WhatsApp recently revealed six previously undisclosed vulnerabilities which were now fixed by the company. The vulnerabilities by WhatsApp were reported on a dedicated security advisory website that would now serve as the new resource to provide a comprehensive list of WhatsApp security updates along with associated Common Vulnerabilities and Exposures (CVE).
The company stated that five of the six vulnerabilities were immediately fixed on the same day, while the remaining bug took few days to be solved. Though some bugs could have been triggered remotely, WhatsApp stated that it didn’t find any evidence of hackers who were actively exploiting the vulnerabilities. Around one-third of the newly, erupting vulnerabilities were reported through the company’s Bug Bounty Program, while some others were discovered in routine code reviews and through automated systems.
WhatsApp is one of the most popular apps across the world, with more than two billion users existing around the world. However, the platform is also a consistent target for hackers, who regularly try to find and exploit vulnerabilities in WhatsApp.
The new security advisory website was launched as part of WhatsApp’s efforts to be more transparent to its users about vulnerabilities that target the platform and in response to the user feedback. WhatsApp stated that the WhatsApp community has often been asking for a centralized location to track the security vulnerabilities, as WhatsApp always couldn’t detail its security advisories in an app’s release notes due to different app store policies.
The new dashboard of the website will update monthly or sooner than that if WhatsApp has to warn users of any vulnerability attack. It would also give an archive of past CVEs that dates back to 2018. While the main focus will be on CVEs located in WhatsApp’s codes, if the company files any CVE with public database MITRE for any vulnerability it came across in third-party code, it will also highlight that on the WhatsApp Security Advisory page.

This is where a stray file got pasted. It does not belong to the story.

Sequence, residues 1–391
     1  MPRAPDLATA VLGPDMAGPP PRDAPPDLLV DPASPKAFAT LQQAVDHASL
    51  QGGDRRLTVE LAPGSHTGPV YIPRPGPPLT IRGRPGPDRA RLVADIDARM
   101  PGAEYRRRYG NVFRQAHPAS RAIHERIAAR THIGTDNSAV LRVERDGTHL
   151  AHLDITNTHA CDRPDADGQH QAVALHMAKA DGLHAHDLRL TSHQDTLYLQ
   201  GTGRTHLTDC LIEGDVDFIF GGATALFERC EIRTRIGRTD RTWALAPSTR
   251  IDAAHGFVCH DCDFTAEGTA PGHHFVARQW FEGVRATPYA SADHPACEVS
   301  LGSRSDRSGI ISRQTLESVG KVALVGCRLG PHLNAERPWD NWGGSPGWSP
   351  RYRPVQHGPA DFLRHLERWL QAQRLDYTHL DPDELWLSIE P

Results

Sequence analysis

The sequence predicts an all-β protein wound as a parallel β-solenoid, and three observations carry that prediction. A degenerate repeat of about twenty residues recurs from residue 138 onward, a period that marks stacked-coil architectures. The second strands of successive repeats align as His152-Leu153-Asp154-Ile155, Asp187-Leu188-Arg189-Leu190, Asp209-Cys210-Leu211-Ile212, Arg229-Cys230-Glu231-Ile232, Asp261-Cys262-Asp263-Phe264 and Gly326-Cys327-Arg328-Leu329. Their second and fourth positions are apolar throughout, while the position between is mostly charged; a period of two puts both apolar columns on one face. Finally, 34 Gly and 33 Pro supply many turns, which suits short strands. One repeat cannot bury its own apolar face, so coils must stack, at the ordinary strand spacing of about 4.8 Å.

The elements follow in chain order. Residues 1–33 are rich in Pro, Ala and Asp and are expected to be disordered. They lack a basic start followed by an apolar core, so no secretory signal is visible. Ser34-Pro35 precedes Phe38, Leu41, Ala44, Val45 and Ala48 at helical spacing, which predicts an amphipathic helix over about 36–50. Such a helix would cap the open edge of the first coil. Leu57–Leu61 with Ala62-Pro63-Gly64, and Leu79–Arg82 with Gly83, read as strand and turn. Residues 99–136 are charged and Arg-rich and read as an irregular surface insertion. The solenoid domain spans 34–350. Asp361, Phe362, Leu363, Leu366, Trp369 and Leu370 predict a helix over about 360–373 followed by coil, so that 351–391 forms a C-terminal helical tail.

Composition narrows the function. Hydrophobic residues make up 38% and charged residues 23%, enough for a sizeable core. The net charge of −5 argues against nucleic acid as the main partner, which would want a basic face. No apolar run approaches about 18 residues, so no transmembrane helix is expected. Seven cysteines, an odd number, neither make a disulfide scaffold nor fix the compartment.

In 2019, WhatsApp went public after fixing a bug vulnerability that was allegedly used by Israeli spyware maker NSO Group. The company sued the spyware maker, stating that it used the vulnerability to deliver its Pegasus spyware to around 1,400 devices covertly. This also included 100+ human rights defenders and journalists. NSO, however, denied the allegations.
Security for Whatsapp
John Scott-Railton, a senior researcher from Citizen Lab, whose work included investigating the NSO Group, welcomed the news. “This is good news, and we know that bad elements use extensive resources to acquire and weaponize vulnerabilities. WhatsApp making this move and sending the signal that it’s going to monitor, identify and patch in this way regularly is a good way to raise the cost for bad elements.”
In a blog post, WhatsApp stated: “We are deeply committed to preserving the transparency, and this resource and update is intended to help the broader technology community benefit from the latest security efforts. We strongly encourage all our users to ensure that they regularly update their WhatsApp from respective app stores to update their mobile operating systems.” Facebook also stated that it codified its vulnerability disclosure policy, which allows it to warn developers of security vulnerabilities among third-party code that Facebook and WhatsApp rely on.